Disgusting science: Fake poop offers cure for uncontrollable diarrhea
Though childish songs make crude jokes, there’s nothing funny about diarrhea. Aside from the painful, twisting feeling in your guts, there’s just something psychologically upsetting about losing control of your bowels. It’s embarrassing. It’s disgusting. And we’ve all been there.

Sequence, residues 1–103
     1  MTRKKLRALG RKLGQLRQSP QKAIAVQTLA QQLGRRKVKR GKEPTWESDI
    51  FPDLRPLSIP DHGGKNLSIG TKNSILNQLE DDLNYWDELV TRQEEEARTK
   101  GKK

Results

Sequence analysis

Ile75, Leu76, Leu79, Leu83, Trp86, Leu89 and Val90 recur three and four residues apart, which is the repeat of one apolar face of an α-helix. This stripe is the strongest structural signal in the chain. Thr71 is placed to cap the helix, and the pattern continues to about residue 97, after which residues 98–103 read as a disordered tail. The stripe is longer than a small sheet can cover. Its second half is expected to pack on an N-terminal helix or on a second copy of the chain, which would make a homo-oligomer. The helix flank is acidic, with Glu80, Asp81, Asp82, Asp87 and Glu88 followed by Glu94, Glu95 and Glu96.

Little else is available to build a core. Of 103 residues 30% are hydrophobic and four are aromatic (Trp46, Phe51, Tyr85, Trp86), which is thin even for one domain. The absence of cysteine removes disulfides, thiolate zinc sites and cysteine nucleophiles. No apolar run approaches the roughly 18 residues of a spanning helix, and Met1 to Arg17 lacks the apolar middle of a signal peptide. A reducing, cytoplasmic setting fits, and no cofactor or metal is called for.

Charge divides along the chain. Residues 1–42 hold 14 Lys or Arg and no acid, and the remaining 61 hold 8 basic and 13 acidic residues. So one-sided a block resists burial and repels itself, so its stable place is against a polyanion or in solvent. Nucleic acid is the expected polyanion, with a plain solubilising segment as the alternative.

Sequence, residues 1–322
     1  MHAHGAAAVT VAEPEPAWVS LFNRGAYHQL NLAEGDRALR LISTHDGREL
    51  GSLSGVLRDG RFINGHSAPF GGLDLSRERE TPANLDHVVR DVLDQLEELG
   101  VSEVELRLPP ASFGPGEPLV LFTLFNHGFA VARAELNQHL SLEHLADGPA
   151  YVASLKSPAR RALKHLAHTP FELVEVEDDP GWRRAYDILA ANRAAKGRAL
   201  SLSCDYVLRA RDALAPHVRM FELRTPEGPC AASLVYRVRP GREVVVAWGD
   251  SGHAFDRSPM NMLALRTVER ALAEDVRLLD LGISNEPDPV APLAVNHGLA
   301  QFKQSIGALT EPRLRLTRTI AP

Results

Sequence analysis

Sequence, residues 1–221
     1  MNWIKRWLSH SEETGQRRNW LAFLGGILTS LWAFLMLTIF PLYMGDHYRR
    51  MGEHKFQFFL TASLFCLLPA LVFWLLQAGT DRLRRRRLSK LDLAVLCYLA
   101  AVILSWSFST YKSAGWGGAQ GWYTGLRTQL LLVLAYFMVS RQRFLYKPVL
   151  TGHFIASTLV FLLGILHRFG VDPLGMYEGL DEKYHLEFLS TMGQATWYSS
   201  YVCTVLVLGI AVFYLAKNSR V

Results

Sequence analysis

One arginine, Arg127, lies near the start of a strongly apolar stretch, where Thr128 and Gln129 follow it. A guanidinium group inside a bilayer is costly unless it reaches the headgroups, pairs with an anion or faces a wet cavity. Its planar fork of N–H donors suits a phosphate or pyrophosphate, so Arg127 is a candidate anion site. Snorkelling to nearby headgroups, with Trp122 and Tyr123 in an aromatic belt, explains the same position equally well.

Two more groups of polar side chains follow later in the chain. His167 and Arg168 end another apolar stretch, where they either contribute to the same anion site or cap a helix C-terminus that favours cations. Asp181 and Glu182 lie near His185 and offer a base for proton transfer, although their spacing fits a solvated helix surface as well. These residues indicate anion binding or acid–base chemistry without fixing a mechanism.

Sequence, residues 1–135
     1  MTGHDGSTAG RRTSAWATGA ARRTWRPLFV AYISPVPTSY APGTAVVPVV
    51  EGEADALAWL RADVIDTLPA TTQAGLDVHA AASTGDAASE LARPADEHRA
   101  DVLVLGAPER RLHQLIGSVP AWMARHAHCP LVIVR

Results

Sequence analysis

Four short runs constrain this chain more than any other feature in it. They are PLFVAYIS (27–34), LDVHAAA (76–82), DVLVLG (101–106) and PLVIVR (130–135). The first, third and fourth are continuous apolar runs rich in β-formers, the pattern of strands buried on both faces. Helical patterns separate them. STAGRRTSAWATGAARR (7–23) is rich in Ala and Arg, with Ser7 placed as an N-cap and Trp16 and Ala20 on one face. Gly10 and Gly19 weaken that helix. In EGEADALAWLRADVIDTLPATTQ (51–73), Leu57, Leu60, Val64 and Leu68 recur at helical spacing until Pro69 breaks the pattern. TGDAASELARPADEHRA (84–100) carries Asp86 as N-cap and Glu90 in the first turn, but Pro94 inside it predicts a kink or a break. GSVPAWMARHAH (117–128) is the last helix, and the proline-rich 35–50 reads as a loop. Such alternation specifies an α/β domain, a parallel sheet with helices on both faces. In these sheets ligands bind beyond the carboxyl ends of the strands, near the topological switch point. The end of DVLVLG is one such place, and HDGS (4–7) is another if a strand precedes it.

But for many, diarrhea is more than a shameful stain to be washed away in an impromptu laundry load; in the US alone, more than 500,000 suffer and 15,000 die every year from uncontrollable diarrhea caused by infection with Clostridium difficile. These rod-shaped bacteria are commonly found in the environment and even in our bodies, but have lately become a major concern in hospitals where antibiotics leave patients without the natural flora that protect their bodies. When C. difficile populations grow unchecked, toxins produced by the bacteria cause inflammation and cell death, leading to the explosive symptoms that, if not controlled, can lead to severe dehydration, kidney failure, holes in the intestines and death. Patients already weakened by other illnesses are particularly at risk of succumbing. Epidemics of C. difficile have become such a serious problem that the infection now rivals the superbug MRSA as one of the top emerging disease threats.